Alright, but can we do what Psalm 109 says? What about praying for revenge, praying for God to bring judgment against our enemies? Are we not to pray for our enemies? Turn to Luke 18.
27Love your enemies, do good to those who hate you, 28 bless those who curse you, pray for those who mistreat you. That’s Jesus speaking, in Luke 6. “Pray for those who mistreat you.”
Luke 18:1-8 Then Jesus told his disciples a parable to show them that they should always pray and not give up. 2 He said: “In a certain town there was a judge who neither feared God nor cared what people thought. 3 And there was a widow in that town who kept coming to him with the plea, ‘Grant me justice against my adversary.’
This is a parable about prayer, so we won’t give up. But the story Jesus tells is a specific prayer, it is a prayer for justice.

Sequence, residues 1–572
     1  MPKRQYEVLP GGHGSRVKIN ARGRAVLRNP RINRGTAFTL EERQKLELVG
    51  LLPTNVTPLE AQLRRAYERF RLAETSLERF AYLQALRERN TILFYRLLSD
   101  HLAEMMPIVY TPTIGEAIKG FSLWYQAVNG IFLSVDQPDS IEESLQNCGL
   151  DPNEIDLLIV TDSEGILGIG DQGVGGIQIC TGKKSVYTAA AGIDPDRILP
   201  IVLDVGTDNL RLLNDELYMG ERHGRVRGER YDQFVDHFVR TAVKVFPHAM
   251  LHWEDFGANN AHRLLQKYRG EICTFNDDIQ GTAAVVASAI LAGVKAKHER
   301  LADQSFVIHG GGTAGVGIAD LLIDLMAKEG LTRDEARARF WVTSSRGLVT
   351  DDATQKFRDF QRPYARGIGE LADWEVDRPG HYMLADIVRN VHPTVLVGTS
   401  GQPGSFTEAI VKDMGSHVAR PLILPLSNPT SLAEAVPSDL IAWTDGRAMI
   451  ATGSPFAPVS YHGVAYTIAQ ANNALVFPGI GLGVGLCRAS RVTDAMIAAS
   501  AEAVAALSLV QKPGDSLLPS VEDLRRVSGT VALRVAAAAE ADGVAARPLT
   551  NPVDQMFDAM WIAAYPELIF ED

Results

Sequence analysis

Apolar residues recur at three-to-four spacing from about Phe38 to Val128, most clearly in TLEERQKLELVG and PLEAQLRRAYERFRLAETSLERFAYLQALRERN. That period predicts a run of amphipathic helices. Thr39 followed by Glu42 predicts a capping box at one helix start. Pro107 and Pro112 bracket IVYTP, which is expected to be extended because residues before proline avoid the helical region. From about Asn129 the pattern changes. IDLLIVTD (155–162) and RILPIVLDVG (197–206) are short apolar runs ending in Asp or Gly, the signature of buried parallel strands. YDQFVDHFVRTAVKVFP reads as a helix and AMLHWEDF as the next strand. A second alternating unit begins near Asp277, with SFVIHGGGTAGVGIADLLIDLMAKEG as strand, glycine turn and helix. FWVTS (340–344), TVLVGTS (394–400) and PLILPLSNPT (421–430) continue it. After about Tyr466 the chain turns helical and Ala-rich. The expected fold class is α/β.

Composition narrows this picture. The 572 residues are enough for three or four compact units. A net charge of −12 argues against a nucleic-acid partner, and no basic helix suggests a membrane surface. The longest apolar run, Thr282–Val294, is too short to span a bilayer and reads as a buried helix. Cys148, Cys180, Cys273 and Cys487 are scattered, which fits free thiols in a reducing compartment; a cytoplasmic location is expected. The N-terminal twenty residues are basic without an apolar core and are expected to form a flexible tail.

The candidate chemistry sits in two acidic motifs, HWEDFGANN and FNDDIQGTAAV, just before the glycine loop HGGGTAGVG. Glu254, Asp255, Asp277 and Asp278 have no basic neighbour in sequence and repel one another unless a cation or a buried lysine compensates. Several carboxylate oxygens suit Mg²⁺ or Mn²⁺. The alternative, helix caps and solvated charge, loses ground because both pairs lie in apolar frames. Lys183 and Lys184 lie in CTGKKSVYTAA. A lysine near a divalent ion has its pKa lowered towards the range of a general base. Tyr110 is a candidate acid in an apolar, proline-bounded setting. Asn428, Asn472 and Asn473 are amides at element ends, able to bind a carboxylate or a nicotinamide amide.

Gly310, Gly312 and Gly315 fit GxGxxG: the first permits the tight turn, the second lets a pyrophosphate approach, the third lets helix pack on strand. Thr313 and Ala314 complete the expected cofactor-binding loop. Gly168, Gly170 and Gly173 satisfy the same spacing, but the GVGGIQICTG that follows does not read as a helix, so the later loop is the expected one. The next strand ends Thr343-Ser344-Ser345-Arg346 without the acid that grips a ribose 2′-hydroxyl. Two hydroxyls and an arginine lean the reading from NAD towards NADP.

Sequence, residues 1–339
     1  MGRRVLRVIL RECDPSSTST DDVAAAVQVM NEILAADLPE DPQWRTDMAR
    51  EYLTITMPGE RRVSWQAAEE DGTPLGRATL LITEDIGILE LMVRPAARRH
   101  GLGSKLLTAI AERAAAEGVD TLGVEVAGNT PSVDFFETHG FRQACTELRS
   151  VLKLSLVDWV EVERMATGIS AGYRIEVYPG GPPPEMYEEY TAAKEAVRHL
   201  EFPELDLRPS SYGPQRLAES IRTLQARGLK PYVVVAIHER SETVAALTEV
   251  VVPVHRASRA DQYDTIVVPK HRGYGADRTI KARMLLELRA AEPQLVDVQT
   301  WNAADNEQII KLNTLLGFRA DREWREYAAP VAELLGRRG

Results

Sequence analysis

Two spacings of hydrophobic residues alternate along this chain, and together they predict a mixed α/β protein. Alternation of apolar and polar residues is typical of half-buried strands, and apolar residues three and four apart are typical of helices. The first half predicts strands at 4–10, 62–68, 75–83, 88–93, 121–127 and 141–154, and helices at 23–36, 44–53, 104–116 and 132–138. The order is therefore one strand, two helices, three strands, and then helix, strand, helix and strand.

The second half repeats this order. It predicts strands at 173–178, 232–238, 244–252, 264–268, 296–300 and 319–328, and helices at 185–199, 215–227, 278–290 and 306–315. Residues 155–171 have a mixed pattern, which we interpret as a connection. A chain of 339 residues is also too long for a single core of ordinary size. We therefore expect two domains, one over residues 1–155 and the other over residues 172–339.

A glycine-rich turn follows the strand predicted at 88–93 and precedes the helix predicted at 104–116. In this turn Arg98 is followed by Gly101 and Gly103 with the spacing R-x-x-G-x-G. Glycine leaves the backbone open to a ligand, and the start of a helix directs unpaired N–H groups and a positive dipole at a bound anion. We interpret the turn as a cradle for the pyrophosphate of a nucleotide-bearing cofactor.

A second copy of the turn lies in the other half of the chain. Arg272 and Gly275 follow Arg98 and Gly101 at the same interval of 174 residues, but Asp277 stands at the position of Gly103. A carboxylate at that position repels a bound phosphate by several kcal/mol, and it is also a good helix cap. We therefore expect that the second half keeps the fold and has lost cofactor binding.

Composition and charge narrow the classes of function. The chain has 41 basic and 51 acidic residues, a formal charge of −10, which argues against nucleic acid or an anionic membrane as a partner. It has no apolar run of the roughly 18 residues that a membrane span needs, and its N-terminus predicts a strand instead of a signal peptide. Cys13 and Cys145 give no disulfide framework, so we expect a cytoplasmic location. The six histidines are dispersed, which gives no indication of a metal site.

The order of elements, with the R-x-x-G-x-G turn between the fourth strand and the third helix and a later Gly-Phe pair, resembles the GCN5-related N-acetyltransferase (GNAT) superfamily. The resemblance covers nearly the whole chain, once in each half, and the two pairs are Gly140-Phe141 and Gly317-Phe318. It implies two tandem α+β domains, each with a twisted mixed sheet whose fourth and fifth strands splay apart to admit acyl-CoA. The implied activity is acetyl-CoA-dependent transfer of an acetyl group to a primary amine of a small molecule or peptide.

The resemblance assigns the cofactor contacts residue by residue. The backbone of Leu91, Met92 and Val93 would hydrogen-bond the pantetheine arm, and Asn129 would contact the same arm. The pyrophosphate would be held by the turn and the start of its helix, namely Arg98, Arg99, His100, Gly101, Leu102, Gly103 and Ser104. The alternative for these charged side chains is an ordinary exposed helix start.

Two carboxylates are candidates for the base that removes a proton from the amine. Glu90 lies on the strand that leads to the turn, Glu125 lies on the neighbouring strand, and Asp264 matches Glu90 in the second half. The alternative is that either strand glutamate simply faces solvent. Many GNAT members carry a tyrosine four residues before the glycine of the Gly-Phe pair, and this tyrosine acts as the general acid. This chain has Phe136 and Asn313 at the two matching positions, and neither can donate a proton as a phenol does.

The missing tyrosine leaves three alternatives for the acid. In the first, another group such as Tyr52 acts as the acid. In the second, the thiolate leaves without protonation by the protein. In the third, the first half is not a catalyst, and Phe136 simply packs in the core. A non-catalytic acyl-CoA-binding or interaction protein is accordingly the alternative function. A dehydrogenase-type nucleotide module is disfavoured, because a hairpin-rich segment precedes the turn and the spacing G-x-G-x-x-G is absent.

“Justice” from ekdikeō, the same Greek word as in Romans 12:19 Do not take revenge [ekdikeō], my dear friends, but leave room for God’s wrath, for it is written: “It is mine to avenge [ekdikeō]; I will repay.
The widow has an enemy who is making her life horrible, and she wants her adversary punished – she wants the judge to make it right. She’s not asking protection, it is too late for that. She’s asking for punishment.
4 “For some time he refused. But finally he said to himself, ‘Even though I don’t fear God or care what people think, 5 yet because this widow keeps bothering me, I will see that she gets justice, so that she won’t eventually come and attack me!’”
6 And the Lord said, “Listen to what the unjust judge says. 7 And will not God bring about justice for his chosen ones, who cry out to him day and night? Will he keep putting them off? 8 I tell you, he will see that they get justice, and quickly.